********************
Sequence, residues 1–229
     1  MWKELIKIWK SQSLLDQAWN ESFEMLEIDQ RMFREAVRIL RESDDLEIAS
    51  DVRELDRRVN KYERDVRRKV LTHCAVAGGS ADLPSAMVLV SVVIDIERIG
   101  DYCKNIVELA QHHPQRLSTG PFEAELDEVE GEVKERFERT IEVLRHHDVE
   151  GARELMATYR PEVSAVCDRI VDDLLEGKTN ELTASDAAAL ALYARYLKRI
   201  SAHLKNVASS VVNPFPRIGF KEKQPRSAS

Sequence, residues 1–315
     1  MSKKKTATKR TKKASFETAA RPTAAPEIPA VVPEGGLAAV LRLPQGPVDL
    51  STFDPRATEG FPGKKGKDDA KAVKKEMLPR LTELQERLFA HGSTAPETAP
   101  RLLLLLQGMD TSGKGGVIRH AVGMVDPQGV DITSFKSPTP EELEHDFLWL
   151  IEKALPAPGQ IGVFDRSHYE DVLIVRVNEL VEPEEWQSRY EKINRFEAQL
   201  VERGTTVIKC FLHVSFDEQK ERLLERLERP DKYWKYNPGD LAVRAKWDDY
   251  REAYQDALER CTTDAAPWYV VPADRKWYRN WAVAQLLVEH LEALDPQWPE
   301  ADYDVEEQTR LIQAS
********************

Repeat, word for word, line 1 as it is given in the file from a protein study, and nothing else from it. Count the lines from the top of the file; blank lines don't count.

Sequence, residues 1–229